00:55 < dho> but it should work on 7.2
00:55 < anticw> okies ...  i'll snarf the ISOs
00:55 < dho> (8 is preferred...)
00:56 < anticw> 8.0 release good enough?  head seems like a lot more work
for no gain when it comes to go testing/validation
00:56 < dho> 8-rel is fine
00:56 < dho> s/fine/preferred/
00:57 < dho> i was just saying that in case you meant you were snarfing the
7.2 isos :)
00:57 * dho -> heading home
00:57 < dho> back later
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01:01 < usa> anticw, uname is in 10th edition Unix as well, but as a library
01:02 < anticw> usa: it's not a problem making it work for other OSes, it's
just one on many missing system calls
01:02 < anticw> it's on my list :-)
01:02 < anticw> maybe tonight ill get it sorted for darwin, freebsd probably
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01:05 < usa> anticw, if you can look at issue 181097 on the code tracker
whilst you are doing it, I would appreciate it.
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01:58 < plexdev> http://is.gd/5HfWn by [Rob Pike] in go/src/pkg/gob/ --
trivial bug: []byte is special but [3]byte is not.
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02:27 < jackman> ummm...
02:27 < jackman> [3]byte is an array while []byte is a slice, no?
02:29 < jessta> yeah
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03:05 < waht2> is this the channel for the go by google or the go by those
other guys
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03:06 <+iant> go by google
03:06 < waht2> so does go work on android phones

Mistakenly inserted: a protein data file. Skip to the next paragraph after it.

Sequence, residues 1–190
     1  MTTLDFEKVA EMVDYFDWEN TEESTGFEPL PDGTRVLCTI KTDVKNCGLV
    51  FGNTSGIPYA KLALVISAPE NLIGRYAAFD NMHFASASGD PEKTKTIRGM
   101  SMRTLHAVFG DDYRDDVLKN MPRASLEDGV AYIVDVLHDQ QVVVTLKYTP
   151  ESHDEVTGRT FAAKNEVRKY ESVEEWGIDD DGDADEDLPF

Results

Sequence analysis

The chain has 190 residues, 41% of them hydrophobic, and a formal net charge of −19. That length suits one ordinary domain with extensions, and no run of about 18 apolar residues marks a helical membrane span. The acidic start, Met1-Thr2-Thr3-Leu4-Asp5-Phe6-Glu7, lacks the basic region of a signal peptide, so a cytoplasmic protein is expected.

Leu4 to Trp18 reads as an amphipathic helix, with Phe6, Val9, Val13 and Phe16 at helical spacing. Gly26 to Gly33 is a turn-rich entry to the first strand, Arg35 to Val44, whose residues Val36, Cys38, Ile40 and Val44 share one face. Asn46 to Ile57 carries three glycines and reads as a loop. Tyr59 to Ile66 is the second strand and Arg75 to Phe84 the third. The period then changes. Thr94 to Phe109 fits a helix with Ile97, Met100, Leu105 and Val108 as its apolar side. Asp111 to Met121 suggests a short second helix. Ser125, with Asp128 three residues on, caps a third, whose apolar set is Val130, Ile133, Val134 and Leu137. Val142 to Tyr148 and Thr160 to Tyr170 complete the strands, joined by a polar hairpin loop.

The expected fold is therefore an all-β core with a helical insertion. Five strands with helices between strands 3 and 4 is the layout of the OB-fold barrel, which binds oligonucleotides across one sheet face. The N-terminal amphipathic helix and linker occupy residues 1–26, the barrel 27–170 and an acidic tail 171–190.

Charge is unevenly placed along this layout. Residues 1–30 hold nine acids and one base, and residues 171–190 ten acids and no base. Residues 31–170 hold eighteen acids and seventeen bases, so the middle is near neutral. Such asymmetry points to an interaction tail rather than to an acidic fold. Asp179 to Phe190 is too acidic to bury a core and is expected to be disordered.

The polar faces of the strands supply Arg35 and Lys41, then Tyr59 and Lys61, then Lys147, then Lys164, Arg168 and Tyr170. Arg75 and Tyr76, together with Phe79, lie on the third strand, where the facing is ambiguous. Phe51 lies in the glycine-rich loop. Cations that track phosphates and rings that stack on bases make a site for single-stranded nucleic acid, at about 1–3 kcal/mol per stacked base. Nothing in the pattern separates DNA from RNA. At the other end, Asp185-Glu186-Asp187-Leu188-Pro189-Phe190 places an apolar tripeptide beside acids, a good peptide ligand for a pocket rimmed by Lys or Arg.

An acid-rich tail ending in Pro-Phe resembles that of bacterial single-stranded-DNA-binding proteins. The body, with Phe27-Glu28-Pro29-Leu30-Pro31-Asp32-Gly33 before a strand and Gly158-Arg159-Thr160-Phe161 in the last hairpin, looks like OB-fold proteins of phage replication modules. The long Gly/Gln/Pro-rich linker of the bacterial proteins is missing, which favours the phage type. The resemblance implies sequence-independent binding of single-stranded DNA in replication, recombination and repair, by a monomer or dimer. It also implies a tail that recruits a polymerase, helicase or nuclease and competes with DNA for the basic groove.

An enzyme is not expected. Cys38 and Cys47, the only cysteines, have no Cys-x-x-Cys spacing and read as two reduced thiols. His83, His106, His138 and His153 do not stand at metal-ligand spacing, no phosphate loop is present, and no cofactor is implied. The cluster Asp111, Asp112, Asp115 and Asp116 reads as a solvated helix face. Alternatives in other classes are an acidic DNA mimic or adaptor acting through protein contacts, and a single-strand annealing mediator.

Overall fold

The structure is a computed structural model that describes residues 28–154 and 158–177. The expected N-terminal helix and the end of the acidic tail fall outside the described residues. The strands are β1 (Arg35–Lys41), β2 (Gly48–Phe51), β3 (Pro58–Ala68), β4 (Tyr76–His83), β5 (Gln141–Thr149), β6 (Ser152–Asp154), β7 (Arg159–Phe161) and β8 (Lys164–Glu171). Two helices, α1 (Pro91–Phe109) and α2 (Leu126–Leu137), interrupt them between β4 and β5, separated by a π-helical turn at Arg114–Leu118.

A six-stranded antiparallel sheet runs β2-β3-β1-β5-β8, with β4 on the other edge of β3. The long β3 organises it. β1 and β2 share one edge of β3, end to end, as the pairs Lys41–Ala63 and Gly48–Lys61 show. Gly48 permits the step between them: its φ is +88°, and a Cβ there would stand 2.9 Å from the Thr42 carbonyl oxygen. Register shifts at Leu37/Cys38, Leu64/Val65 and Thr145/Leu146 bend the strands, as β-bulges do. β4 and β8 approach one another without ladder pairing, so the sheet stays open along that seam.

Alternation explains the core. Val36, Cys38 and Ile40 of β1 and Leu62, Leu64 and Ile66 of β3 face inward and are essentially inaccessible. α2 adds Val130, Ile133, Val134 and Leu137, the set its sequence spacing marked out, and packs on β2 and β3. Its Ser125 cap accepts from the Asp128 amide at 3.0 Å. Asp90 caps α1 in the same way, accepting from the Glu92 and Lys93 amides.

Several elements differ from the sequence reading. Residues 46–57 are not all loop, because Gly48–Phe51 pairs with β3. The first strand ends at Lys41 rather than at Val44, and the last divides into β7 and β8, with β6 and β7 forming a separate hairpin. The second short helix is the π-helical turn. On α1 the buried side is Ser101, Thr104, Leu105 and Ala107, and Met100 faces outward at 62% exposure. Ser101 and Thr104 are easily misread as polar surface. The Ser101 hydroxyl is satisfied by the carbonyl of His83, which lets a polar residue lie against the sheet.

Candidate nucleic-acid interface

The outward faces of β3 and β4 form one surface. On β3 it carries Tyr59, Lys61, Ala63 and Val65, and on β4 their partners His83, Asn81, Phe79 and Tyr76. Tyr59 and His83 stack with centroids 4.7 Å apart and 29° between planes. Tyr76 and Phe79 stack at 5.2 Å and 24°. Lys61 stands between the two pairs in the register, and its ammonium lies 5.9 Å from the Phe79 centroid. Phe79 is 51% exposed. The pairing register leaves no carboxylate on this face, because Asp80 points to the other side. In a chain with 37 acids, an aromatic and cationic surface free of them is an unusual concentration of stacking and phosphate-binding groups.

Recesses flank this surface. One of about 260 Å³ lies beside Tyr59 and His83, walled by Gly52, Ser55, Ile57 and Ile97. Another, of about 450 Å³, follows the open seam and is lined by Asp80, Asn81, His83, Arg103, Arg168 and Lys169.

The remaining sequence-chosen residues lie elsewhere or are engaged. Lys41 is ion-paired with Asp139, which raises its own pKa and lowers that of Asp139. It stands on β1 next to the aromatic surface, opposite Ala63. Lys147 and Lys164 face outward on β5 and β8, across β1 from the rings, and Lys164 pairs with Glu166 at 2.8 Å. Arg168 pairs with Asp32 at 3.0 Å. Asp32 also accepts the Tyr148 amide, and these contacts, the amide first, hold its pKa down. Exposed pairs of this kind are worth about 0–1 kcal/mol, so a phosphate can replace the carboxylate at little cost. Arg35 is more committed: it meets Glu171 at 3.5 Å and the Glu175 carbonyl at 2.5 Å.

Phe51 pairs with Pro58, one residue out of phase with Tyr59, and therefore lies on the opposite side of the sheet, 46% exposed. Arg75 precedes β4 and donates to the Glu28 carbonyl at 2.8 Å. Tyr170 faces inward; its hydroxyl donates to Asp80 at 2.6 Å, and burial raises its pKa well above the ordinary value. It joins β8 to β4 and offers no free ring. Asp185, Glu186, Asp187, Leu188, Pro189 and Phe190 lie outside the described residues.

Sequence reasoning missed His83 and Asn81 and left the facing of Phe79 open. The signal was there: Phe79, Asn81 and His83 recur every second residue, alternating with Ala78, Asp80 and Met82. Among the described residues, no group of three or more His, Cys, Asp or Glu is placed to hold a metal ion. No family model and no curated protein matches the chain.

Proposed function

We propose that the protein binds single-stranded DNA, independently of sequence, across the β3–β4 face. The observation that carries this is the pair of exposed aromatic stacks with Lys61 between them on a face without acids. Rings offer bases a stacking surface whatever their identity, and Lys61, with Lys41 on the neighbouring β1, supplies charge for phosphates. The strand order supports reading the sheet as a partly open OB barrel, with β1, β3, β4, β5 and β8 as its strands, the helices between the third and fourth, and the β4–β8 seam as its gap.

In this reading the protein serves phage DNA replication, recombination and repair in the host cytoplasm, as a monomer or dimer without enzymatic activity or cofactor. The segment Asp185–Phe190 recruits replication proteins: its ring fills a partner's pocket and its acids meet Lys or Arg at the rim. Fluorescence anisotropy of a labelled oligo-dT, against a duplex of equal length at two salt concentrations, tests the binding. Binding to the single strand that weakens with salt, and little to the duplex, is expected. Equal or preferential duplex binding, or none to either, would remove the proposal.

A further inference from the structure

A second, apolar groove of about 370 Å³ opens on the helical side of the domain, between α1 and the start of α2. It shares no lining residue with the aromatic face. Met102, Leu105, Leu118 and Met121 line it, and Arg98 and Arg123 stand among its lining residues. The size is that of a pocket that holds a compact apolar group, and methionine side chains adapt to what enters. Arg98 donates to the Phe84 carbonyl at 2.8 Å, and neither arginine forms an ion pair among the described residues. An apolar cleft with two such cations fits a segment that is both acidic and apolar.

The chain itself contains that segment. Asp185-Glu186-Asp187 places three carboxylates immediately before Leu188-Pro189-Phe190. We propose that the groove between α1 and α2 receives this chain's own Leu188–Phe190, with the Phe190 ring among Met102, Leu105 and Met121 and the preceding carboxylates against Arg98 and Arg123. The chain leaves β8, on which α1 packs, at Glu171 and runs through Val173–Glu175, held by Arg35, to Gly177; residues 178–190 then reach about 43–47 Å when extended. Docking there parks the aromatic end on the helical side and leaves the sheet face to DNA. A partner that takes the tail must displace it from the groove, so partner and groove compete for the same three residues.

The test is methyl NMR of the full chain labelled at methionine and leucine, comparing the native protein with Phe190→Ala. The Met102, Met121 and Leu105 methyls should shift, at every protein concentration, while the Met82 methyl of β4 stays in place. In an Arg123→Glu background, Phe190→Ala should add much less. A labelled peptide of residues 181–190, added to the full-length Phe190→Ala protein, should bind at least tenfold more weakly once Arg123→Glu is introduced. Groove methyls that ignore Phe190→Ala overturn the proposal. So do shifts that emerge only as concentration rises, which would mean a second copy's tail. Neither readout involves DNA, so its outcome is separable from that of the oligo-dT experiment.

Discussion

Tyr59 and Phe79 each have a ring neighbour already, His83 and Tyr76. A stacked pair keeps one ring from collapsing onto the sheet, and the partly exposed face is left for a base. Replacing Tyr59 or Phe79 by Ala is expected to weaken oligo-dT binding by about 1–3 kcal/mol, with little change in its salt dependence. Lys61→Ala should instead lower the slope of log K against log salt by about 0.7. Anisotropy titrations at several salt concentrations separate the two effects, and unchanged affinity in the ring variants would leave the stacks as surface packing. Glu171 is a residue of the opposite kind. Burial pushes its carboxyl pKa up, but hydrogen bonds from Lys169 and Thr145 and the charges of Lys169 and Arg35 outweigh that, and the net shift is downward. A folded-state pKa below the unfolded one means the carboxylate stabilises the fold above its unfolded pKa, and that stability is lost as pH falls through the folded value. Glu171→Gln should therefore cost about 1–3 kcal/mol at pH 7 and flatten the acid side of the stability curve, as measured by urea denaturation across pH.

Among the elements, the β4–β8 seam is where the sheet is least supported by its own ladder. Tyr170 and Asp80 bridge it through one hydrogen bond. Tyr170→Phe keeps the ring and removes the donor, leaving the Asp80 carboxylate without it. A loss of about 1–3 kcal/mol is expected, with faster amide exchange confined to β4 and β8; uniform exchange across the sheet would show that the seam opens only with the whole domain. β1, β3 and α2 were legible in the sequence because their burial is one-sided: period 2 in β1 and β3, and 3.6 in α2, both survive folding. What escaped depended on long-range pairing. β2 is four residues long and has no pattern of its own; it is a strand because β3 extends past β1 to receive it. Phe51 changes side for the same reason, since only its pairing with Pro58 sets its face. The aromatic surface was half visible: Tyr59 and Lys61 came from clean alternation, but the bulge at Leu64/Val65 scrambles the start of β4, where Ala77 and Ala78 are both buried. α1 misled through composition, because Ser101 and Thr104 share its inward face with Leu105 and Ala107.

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03:06 < waht2> are there any books on go
03:07 < waht2> how long till microsoft releases g++
03:07 <+iant> people have been able to use Go to build a program which runs
on Android, but you have to upload it using the adb debugger or something like
03:07 <+iant> there are no books on Go
03:07 <+iant> ask Microsoft
03:07 < waht2> is go going to standardized by iso
03:07 <+iant> not in the foreseeable future
03:08 < waht2> so what's the selling points of go
03:08 <+iant> see http://golang.org/
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03:10 < jackman> It's awesome.
03:10 < jackman> It's like the only language that has CSP without it being
weirdly tacked on.
03:11 < jackman> It's FAST.
03:11 < skelterjohn> whenever someone talks about CSP I hear "constraint
satisfaction problem" in my head
03:11 < me__> it has a cool mascot
03:11 < skelterjohn> and i have a lot of trouble remembering what they're
actually talking about
03:11 < jackman> lmao
03:11 < jackman> CSP==Anal Retention, then?
03:12 < skelterjohn> ?
03:12 < jackman> err...  maybe the lack thereof?
03:12 < me__> complicated squirrely processes
03:13 < waht2> so with go you can created executable binaries?
03:13 <+iant> yes
03:13 < waht2> when was the last time somebody made a language like that
03:14 < waht2> interesting
03:14 < jackman> ummm...
03:14 < jackman> 1970?
03:14 < waht2> that's what i mean
03:14 < goplexian> waht2, yes, thats the point
03:14 < waht2> if you want a language that can actually make binary
executables your most modern choice is c++
03:14 < waht2> oh i like this already
03:15 < jackman> everything after that was a scripting language, a ripoff of
C, or a compiled scripting language.
03:15 < waht2> at first I thought oh great google is coming out with some
scripting lang or java wannabe just to muddy the waters against microsoft
03:15 < goplexian> waht2, was the most modern choice, now there is also Go
03:15 < waht2> well i'm sold
03:15 < waht2> at least somewhat
03:15 < jackman> the video is awesome.
03:15 < waht2> i'll try it
03:15 < jackman> did you already see it?
03:15 < skelterjohn> i'm pretty sure that go wasn't created as a strategic
decision :)
03:15 <+iant> in fairness there have been other compiled languages, though
none are very popular that I know of; e.g., Ada
03:16 < jackman> Is ada the one that uses the symbols?